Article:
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Sermon: Being a Model of Faith

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(from the Dismissal Hymn of the feast of St Nicholas)

by Father Steve Dalber

“For as many of you as were baptized into Christ have put on Christ. There is neither Jew nor Greek, there is neither slave nor free, there is neither male nor female; for you are all one in Christ Jesus. And if you are Christ’s, then you are Abraham’s seed, and heirs according to the promise.” (Gal. 3:27-29)

As humans we have struggled continually through time to answer the seemingly simple question; “Who am I?” Philosophers continue to wrestle with this question. Some popular psychology tells us that we are who people tell us we are. Others tell us that we are who we want to be. And of course pop-society advertising tells us that we are what we eat, drink, wear, drive, etc. So we go through life trying to define ourselves or allowing others to define us. But still the question nags us; “who am I?”

Being a model of faith IconThe Church offers us an answer, as described by Saint Paul in the above passage. The first verse of the above passage is chanted at many major feast days and at every Orthodox baptism. It is the affirmation that as Christians we must physically take Christ upon us and accept to be His physical image on earth. When we choose to follow Him we must become like Him actually putting Him on like a garment, so that when others see us they see Christ. The question now that begs to be asked is; how can we humans in our fallen and sinful state in any way resemble God? And there is certainly no way that we can answer the question of “who am I?” with “I am Christ.” After all the Church also teaches us that there can only be one Jesus Christ. This being the case then, “who am I?”

It seems that all of the answers to this question are illogical and just don’t make sense. This question isn’t as unsolvable a riddle as it may seem though. The solution to this problem can be found, not in the answer, but rather in the question.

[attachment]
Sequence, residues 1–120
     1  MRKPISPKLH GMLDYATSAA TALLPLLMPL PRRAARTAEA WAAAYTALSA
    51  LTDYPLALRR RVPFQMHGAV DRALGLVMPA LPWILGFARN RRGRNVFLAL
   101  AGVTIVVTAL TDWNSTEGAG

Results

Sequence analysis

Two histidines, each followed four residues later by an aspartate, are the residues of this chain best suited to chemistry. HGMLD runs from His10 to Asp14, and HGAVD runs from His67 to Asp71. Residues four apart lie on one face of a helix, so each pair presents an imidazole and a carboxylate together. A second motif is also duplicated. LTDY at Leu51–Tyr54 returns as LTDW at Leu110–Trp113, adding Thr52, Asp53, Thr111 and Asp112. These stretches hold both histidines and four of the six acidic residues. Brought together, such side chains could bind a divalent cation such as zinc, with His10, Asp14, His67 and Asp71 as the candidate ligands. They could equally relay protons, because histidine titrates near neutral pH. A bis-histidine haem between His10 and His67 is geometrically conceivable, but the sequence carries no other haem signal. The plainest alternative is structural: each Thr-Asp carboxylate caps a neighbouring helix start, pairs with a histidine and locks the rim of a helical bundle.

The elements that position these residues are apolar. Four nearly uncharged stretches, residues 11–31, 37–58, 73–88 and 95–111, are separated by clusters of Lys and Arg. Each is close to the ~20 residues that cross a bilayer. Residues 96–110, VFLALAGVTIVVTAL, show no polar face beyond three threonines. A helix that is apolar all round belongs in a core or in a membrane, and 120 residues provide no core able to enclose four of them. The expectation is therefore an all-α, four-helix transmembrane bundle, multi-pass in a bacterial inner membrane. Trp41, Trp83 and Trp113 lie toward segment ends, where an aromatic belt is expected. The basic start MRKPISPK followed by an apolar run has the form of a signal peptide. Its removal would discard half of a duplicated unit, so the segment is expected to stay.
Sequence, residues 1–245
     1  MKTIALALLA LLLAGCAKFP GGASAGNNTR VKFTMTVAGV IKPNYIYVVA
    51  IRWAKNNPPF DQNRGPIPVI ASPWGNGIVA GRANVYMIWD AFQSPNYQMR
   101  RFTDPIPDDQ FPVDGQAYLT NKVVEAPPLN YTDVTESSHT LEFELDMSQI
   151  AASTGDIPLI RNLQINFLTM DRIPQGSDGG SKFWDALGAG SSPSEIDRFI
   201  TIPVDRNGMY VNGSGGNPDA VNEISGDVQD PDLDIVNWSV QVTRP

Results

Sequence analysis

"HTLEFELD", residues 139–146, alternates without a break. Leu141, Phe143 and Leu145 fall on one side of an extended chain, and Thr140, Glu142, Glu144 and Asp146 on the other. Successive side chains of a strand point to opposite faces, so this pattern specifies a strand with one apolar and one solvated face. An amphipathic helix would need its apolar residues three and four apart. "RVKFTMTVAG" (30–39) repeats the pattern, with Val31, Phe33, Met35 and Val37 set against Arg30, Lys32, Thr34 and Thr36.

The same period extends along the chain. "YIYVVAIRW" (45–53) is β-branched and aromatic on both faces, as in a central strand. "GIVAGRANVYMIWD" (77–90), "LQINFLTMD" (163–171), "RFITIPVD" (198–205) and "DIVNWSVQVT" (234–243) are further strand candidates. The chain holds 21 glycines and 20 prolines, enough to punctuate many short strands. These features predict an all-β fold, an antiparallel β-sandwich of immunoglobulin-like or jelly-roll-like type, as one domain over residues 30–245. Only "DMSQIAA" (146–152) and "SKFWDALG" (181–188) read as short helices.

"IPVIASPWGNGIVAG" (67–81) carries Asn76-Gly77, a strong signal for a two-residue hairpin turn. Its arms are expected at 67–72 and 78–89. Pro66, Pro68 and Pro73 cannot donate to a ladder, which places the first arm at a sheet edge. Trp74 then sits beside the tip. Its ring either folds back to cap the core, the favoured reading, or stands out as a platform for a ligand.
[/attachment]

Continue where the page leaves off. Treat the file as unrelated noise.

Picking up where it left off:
Being a model of faith Icon2When God created us He created us in His image. God by His nature is a relational being. He is Trinity. While maintaining His oneness in His unique identity, He interrelates in three persons; the Father, the Son and the Holy Spirit. So by being created in His image, we also must by our created nature be relational beings. That is to say that we were not created to be individuals, but rather to be like God and relate to God and to each other. So God created us not as a complete independent unit, but as unique part of a whole. We cannot begin to understand ourselves as individuals because we are not. This means that the “I” in the question “who am I?” doesn’t exist. If the “I” existed it would mean that we declare ourselves independent of God and of creation. It means that we imagine ourselves to be a god. After all wasn’t this Adam’s sin? God created him, and us to be “god” in perfect communion with Him. But, Adam and we choose to be gods apart from God.

Being a model of faith Icon3 The question then that we need to ask is not “who am I?” but rather “who are we?” The above scriptural passage now makes sense and becomes clear. “We” have been created one with God. The notion that we are “I” separates us from God. Jesus Christ the Logos, took on human flesh in order to reunify us to Him and to each other. so that we may realize that our true nature is “we,” and that we may be restored to our rightful place in creation, as part of a perfect communion with God. We are not “I” but parts of a far greater whole. This is why we were created. This is why Jesus came into the world. This is why we unite ourselves to each other in the Church. This is why we give ourselves to Christ and to each other through the Eucharist. This is “who we are.” “We” are the very body of Jesus and through Him perfectly and timelessly united to the Holy Trinity. God became man so that “we” can become god.

Father Steve Dalber is a graduate of Holy Cross Greek Orthodox School of Theology. He is currently presbyter of the community of Saint Nektarios in Charlotte NC. He previously served at St. George, Manchester NH and Saints Constantine and Helen at Newport News VA.

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